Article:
But that ship is just another in a long line of Potemkin-village promises of so-called “good jobs”:
On bad days Toby said he worked as a “pipette bitch.” With no interests other than computers, a few select hormones, and science fiction novels, Toby was perfectly poised to work as a low-level researcher in yet another lab where the muckety-mucks studied genetic tagging. And so that’s where he found himself most days, holding his trusty pipette over a box of clear gel attached to some electrodes . . . Usually he thought about nothing at all. He didn’t achieve a Zen-like state of pipette-mediated calm. There was no enlightenment. He simply immersed his entire consciousness in the tiny movements of his body, the precise measurements and procedures . . . After almost a year of unbroken routine . . . Toby realized he could spend an entire 24-hour period without ever having a single, extended thought . . . he didn’t have the kinds of multilayered or complex ideas he used to have back when he was hacking hormone pathways in graduate school.
Here he was, a hypereducated twentysomething, his whole life before him, and his supposedly professional middle-class job had turned his brain into nothing more than basal ganglia . . . according to all the usual news sources, his job was hot. Supposedly Toby was at the center of an economic revolution in biotech. The most-wanted jobs of the new millennium were in genomics; cities like San Francisco were developing vast office parks full of proto-wet lab spaces and special cold rooms for all the code-crunching clusters . . . Toby [felt] like he worked at McDonald’s: The plastic gloves were practically the same. But more important, there was an almost unbridgeable gulf between what he actually did for a living and the hype about it. Reading the papers was like looking at one of those glossy ads suggesting that women kicked off welfare would have great futures if they just took jobs at fast-food restaurants. Look at our shiny kitchens! Full of happy people in hair nets and gloves making toasty burgers and crispy fries! Fast food is at the center of the restaurant economy! Just like biotech. (* Annalee Newitz, “Techsploitation: Pipette Bitch Blues,” San Francisco Bay Guardian, February 18, 2004.)
This pattern of exaggerated expectations attached to what are quickly discovered to be boring, routine, mind-numbing jobs is all too common, and yet rarely reported with such clarity and wit. Another place to find compelling accounts is among the “Tales of Toil” featured from 1981–1994 in San Francisco’s Processed World magazine (full disclosure: I was a participating collective member). From word processing to desktop publishing and web design, jobs in new technologies paid relatively well until the field filled with thousands of people following the false promise of “good jobs,” only to find that high pay rates had disappeared. Irrespective of the pay, the crucial issue of content—of what we do, why, for whom or what, and usually how—is never confronted. And with almost no exceptions, the creative component of any job is what disappears soonest, replaced by management-controlled pacing, productivity demands, routinization, and bureaucratization.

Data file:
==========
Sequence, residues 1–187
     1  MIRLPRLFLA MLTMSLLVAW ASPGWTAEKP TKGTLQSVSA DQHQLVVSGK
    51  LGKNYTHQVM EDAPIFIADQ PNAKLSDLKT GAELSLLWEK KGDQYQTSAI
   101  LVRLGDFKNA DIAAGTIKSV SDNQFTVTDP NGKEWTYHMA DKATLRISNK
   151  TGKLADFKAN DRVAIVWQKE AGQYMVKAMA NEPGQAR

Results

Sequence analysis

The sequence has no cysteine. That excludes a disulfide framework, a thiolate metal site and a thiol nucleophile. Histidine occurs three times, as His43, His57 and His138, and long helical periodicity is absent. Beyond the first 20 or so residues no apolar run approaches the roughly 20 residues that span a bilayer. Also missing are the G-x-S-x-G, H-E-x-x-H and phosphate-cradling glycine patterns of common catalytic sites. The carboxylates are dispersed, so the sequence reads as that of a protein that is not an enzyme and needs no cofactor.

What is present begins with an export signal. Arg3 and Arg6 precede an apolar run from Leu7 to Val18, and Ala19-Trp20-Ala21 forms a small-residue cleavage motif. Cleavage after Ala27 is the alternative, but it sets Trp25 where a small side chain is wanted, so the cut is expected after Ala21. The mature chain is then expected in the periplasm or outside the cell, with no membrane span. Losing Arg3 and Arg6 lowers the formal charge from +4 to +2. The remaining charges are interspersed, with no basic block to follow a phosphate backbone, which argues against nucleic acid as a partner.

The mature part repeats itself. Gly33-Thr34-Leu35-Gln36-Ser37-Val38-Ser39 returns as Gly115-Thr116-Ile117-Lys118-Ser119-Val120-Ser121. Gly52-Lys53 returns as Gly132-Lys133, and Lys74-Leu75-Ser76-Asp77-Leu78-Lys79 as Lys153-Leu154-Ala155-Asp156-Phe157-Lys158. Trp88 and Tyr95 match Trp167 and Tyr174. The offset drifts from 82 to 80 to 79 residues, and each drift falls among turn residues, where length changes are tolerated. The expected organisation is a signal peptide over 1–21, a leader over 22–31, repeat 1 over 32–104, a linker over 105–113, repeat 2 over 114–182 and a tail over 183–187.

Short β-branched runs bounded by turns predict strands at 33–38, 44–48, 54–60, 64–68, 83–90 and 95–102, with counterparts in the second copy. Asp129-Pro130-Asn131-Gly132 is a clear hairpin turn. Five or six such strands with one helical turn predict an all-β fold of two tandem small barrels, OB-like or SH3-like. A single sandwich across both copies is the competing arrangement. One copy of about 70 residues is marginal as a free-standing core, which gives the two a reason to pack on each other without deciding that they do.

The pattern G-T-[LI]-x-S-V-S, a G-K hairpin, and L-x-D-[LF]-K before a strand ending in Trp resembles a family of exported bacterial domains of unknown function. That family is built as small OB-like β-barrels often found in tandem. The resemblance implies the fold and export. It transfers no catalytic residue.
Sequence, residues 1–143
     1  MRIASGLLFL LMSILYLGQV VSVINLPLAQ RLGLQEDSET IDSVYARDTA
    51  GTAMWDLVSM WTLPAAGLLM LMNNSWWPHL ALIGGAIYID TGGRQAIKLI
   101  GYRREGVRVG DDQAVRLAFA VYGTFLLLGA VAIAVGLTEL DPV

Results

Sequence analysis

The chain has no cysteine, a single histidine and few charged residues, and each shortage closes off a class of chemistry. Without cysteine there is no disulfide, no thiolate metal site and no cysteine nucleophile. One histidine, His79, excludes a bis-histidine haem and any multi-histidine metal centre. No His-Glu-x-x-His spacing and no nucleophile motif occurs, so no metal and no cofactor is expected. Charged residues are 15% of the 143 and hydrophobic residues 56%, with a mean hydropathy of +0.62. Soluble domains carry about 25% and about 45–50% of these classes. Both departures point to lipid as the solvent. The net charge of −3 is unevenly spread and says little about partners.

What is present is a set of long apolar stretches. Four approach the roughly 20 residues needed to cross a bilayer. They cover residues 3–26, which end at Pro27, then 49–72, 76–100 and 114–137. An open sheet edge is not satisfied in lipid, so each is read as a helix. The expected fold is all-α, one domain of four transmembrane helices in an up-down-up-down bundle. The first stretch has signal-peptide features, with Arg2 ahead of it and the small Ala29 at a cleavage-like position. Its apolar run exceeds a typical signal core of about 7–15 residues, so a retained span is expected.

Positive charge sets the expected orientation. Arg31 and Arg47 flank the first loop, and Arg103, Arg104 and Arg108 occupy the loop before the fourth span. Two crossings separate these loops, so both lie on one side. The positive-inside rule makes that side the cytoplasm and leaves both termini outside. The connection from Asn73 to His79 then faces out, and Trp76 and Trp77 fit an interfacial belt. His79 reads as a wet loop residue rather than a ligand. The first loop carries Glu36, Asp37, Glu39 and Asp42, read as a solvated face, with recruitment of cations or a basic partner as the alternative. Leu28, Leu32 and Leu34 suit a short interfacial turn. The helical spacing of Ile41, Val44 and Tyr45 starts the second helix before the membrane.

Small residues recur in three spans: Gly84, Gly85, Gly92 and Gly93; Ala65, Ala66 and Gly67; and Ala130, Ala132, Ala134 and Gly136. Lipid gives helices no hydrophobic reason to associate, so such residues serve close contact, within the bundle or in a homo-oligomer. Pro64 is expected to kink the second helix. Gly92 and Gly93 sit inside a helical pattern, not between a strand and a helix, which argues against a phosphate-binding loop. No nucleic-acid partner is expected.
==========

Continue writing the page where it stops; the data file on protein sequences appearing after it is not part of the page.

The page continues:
This year’s Mayoral candidates are all promising to create “jobs.” But if public monies are invested in training citizens to become so skilled and desirable as workers, we would still have to question which world economy we are getting prepared for. And just how this training would make San Francisco workers so well-paid (that is, expensive for their employers) that they could afford to live here! Everything going on in economic development—locally, nationally, or internationally—indicates the key trends continue to be lower wages and higher productivity (that is, longer hours, harder work).
A real alternative is called for. Tens of thousands are occupying public plazas across the U.S. and the world. While participants have reported frustration at the absence of concrete alternatives, many people around the world are confronting the same problems. And clearly the answers require a break with the dynamics of a world economy that pits city against city, country against country, human against human. The role of government, so diminished as the power of corporations has grown unchecked during the past quarter century, requires revision. Limiting local government to public spending on infrastructure and training for the benefit of private business is clearly self-defeating. Limiting local economics to a system in which private capital employs people as wage-laborers is to guarantee that the logic that imprisons us in a suicidal and degrading system will only grow stronger.